Truman Balcony

From Wikipedia, the free encyclopedia
Jump to: navigation, search
The Truman Balcony on the second floor of the White House

The Truman Balcony is the second-floor balcony of the Executive Residence of the White House, which overlooks the south lawn. It was completed in March 1948, during the presidency of Harry S. Truman.

Controversy over construction plans[edit]

This photograph, taken at Franklin D. Roosevelt's fourth Inaugural Address, shows the White House's south face before the Truman Balcony was built. The awnings that Truman disliked have been deployed.

Truman's plans to build a balcony off the Yellow Oval Room were controversial. He argued that the addition of a balcony would provide shade for the first floor portico, avoiding the need for awnings, and would balance the White House's south face by breaking up the long verticals created by the columns.[1] Critics of the proposal, including members of the Commission of Fine Arts, argued that the Classic Greek style of the building would be undermined in order to create a leisure space for the First Family. The Commission's chairman, civil engineer and landscape architect Gilmore David Clarke, wrote to Truman to voice his opposition to the balcony. Truman responded, restating his belief that the residence would be enhanced by the project especially as it presented an opportunity to replace unattractive awnings, which he said collected dirt and constituted an eyesore,[2] with wooden shades that could be rolled up under the new balcony.[1]

Contemporary political cartoonists satirized the President's balcony project, suggesting that it might even cost him the 1948 presidential election.[3][4]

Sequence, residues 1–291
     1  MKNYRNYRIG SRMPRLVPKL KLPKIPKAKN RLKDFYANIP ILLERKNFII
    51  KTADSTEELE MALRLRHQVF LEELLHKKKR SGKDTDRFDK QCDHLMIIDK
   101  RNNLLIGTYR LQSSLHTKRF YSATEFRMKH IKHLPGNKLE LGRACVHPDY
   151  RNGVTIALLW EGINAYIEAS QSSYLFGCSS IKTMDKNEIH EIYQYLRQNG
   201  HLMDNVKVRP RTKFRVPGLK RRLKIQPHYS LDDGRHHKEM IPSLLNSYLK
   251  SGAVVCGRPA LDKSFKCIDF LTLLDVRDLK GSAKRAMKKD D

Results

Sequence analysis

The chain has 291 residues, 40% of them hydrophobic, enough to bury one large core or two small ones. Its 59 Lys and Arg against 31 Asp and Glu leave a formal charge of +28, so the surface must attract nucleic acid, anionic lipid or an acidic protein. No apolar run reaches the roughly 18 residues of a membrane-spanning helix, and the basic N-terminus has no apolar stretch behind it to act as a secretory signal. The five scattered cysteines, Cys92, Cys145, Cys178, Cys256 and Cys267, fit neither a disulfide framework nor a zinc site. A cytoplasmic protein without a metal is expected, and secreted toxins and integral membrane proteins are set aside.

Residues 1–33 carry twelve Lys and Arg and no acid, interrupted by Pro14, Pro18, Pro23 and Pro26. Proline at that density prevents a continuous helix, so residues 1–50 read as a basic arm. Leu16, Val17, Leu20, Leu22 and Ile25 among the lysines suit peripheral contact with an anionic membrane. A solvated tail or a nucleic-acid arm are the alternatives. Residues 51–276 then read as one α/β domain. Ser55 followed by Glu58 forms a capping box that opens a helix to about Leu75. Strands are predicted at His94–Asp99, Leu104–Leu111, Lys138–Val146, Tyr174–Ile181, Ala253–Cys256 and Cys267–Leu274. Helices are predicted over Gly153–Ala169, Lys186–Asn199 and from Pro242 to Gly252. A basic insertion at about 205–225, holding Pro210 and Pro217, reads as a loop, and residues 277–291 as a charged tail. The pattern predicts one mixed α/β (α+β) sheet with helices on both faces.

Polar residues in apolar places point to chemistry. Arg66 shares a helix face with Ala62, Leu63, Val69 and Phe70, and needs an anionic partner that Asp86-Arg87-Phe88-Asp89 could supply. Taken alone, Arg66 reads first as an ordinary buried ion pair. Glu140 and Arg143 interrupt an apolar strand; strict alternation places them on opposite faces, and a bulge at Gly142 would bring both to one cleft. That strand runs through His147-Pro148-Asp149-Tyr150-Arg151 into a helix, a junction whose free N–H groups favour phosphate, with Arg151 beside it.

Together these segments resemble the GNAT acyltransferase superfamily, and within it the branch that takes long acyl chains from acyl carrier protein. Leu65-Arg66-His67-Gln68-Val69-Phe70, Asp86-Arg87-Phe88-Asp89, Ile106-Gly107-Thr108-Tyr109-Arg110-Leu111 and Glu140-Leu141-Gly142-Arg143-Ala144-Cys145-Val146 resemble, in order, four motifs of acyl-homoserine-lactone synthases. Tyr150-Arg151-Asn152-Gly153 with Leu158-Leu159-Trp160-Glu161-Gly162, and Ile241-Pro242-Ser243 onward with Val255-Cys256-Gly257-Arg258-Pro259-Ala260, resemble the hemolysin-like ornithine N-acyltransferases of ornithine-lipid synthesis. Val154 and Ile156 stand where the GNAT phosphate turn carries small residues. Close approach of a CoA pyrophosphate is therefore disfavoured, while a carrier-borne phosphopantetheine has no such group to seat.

Construction and subsequent history[edit]

Plans for the balcony were approved by architect William Adams Delano.[1] No request was made to Congress for the $16,050.74 cost of constructing the balcony, as Truman had saved a sufficient sum from his household account.[5] Once the balcony had been completed, several of those who had opposed the project wrote to the President acknowledging that the balcony had in fact improved the south face of the Residence.[6]

In a September, 2012 interview in Vanity Fair, President Barack Obama listed the balcony as his and his wife Michelle Obama's favorite spot in the White House.[7]

References[edit]

  1. ^ a b c "The Truman Balcony: Background Information". Harry S. Truman Library and Museum. Retrieved 26 January 2010. 
  2. ^ Truman, Harry (November 1947). "The Truman Balcony Letters: President Truman's response to a letter from Gilmore Clarke, Chairman of the Commission of Fine Arts, November 1947". Harry S. Truman Library and Museum. Retrieved 26 January 2010. 
  3. ^ "Truman's Balcony -- Cartoon 3". Harry S. Truman Library and Museum. Retrieved 26 January 2010. 
  4. ^ "Truman's Balcony -- Cartoon 4". Harry S. Truman Library and Museum. Retrieved 26 January 2010. 
  5. ^ "Truman Balcony: Background Information (continued)". Harry S. Truman Library and Museum. Retrieved 26 January 2010. 
  6. ^ King, Deloevare (1948-04-29). "Truman's Balcony -- Letter 4". Retrieved 26 January 2010. 
  7. ^ Vanity Fair interview, September 2012

Further reading[edit]

  • Conflict and Crisis: The Presidency of Harry S. Truman, 1945-1948, By Robert J. Donovan, University of Missouri Press, 1996.
  • The President's House: A History, Vol. II, by William Seale, The White House Historical Association, Washington, D.C., 1986.
  • The White House and Its Thirty-Four Families, by Amy La Follette Jensen, McGraw-Hill Book Company, 1965.

External links[edit]

Coordinates: 38°53′51″N 77°02′12″W / 38.897486°N 77.036582°W / 38.897486; -77.036582